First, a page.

Almost a year has passed since the Bureau of Economic Analysis, which estimates the gross domestic product, announced that real GDP has declined over the previous two quarters – a phenomenon that is widely, albeit incorrectly, described as the official definition of a recession.
Right-wingers had a field day, shouting about the “Biden recession”. But it wasn’t just a party thing. Even forecasters who knew that recessions are defined by multiple indicators, and that the United States was not yet in a recession, began to predict one in the near future. As Mark Zandi of Moody’s Analytics, one of the few prominent recession skeptics, put it: “Every person on TV says recession. Every economist says recession. I have never seen anything like it.”
By late 2022, members of the Federal Reserve Committee that sets monetary policy were prediction an unemployment rate of 4.6 percent by late 2023; private forecasters predicted 4.4 percent. Either of these forecasts would have implied at least a mild recession.
To be fair, we don’t know for sure that these predictions will be falsified. But with unemployment in June only 3.6 percentJust as it was a year ago, and job growth is still surging, the economy would have to fall off a steep cliff very soon to adjust them, and there is little hint in the data of that happening.
So it sure looks like economists made a bad recession call. Why were they wrong?
One answer might be to ask why anyone would expect them to get it right. A few years ago the International Monetary Fund did a a systematic study of the ability of economists to call recessions in advance, and essentially found that they never succeed. As the authors noted wryly, there was little to choose between private and official forecasts: “Both are equally good at missing recessions.”
In some ways, however, the IMF study is not so relevant to what we have just seen. The authors found many examples of recessions that occurred but that prognosticators did not predict; what we are seeing now is a recession that forecasters predicted but failed to achieve. So where did this almost unanimous but, as it turns out, unwarranted pessimism come from?
I know that at least some forecasters looked at a certain financial indicator: the spread between short-term and long-term bonds. An inverted yield curve, in which long-term bonds pay a lower interest rate than short-term bonds, has historically predicted recessions, as is evident if you note the years in which this occurred in the following chart:
But the meaning of an inverted yield curve is widely misunderstood. It doesn’t cause recession It is instead an implicit prediction about future Fed policy — namely, that the Fed will cut rates sharply in the future, presumably to combat a deepening recession. So the inverted yield curve wasn’t really an independent indicator, just a market reflection of the same “recession is coming” consensus you heard on cable TV.
So where did that consensus come from? Leaving aside all the necessary “Biden’s socialism will tank the economy,” I think it’s fair to say that most economists thought we were seeing a repeat of the early 1980s. What happened then was that, in the face of high inflation, the Fed sharply raised interest rates, causing a recession; this recession lowered inflation, and the Fed then reversed course, cutting rates again:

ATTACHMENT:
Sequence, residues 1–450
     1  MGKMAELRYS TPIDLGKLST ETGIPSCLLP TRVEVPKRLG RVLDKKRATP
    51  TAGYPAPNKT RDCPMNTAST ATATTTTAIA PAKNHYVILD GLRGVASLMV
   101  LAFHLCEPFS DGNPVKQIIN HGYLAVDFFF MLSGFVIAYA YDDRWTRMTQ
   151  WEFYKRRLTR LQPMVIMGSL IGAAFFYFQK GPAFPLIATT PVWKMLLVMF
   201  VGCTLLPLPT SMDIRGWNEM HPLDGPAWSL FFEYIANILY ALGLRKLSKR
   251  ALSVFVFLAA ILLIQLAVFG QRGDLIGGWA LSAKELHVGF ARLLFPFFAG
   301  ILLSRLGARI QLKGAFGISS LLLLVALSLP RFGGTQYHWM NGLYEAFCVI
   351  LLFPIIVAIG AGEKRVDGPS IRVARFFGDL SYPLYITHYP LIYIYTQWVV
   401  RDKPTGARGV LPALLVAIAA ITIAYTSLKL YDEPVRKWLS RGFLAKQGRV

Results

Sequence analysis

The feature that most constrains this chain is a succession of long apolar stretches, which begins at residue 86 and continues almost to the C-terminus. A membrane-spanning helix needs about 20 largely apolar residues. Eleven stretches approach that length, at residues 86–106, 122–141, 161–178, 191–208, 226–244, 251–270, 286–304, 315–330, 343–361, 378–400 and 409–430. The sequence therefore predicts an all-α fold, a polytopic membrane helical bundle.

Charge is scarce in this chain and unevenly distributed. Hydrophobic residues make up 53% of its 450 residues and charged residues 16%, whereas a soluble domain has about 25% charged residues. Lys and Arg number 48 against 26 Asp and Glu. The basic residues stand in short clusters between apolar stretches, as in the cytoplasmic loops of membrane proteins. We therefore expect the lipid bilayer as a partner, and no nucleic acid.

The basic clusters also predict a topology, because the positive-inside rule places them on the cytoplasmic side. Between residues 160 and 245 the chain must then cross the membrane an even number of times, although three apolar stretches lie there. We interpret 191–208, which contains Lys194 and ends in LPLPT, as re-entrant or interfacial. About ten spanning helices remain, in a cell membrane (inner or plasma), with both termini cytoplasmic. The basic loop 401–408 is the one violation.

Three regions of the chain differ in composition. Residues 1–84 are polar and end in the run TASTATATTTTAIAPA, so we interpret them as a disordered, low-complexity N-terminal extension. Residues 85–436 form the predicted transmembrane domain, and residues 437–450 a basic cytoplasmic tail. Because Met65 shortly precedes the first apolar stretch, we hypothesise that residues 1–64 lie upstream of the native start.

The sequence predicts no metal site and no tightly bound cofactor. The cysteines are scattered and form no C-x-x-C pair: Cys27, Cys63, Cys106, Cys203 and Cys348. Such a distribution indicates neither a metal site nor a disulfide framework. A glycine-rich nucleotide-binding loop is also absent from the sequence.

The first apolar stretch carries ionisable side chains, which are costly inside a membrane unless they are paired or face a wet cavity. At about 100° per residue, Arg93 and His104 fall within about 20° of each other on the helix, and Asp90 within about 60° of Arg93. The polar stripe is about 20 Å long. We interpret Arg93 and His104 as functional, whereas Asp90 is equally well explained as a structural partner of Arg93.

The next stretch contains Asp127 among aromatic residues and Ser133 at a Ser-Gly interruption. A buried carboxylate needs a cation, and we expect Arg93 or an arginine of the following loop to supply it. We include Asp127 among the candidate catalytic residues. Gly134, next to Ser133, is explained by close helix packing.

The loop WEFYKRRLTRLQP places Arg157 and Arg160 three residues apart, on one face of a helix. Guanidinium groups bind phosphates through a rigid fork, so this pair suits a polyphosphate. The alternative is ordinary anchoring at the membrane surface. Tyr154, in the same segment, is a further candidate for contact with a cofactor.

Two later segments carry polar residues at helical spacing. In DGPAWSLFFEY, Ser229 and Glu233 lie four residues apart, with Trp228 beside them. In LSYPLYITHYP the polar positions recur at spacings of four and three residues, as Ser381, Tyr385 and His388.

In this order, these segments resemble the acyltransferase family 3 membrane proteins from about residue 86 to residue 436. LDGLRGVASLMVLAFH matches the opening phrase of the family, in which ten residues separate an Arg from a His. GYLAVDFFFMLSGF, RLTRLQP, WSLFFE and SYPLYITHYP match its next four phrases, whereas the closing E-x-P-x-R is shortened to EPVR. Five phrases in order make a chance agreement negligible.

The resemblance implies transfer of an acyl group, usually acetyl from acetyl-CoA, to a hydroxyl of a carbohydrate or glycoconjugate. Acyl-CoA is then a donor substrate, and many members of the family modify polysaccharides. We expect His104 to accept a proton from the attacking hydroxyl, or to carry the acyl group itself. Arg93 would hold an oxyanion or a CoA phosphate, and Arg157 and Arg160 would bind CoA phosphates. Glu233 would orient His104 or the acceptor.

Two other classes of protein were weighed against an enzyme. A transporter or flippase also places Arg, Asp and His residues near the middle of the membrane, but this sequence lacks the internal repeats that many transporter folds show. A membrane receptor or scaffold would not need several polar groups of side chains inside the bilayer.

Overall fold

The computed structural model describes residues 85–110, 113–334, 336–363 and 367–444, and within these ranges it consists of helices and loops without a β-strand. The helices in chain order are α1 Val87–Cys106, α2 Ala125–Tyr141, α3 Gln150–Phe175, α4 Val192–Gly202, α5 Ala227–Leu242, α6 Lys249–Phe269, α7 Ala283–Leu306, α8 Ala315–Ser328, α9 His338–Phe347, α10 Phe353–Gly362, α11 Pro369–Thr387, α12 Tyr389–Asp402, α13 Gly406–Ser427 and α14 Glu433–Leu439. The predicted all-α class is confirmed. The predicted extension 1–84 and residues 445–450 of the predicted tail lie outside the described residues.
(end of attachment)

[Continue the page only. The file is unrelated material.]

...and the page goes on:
Indeed, the Fed again raised rates sharply to fight inflation. But events since then have failed to follow the script in two distinct ways.
First, those tariffs have so far failed to produce a recession. Instead, the economy has been remarkably resilient. Mortgage interest rates — arguably the most important place where the monetary policy rubber meets the road — have soared over the past year and a half:
However, unemployment has not risen significantly at all, which is not what most economists, including myself, predicted. Why not?
Part of the answer may be that housing demand increased in 2021-22, largely as a result of the increase in remote work, and that this increase in demand muted the usual negative impact of higher rates. This is especially true for multi-family housing, where high rents have given developers an incentive to keep building despite higher borrowing costs.
Another part of the answer may be that the Biden administration’s industrial policies — indeed, subsidies for semiconductors and green energy — have led to a boom in non-residential investment, especially manufacturing. The numbers here are truly amazing:
There may also be other factors, such as all the “revenge trips” Americans have taken as fear of Covid-19 fades. Whatever the reasons, the economy has driven higher interest rates to an extent that few expected.
Now, you might think that this means the Fed will have to push interest rates even higher. After all, don’t we need a recession to curb inflation? But here’s the other place where things have gone wrong: Despite steady job growth and continued low unemployment, inflation has actually declined. This is true even if you look at measures that try to rule out temporary factors. My preferred measure these days is “supercore,” which excludes food, energy, used cars, and shelter (because official measures of housing costs still reflect rent that ended a year ago.):
This is the measure I will be watching when new inflation numbers come in tomorrow. (PS: The Fed has a different measure of supercore – non-housing services – but when you look at the details of that indicator, it’s a dog’s breakfast of poorly measured components that I find hard to take seriously.)
Anyway, something really strange happened. I cannot think of another example in which there was such universal agreement that a recession was imminent, yet the predicted recession did not arrive.
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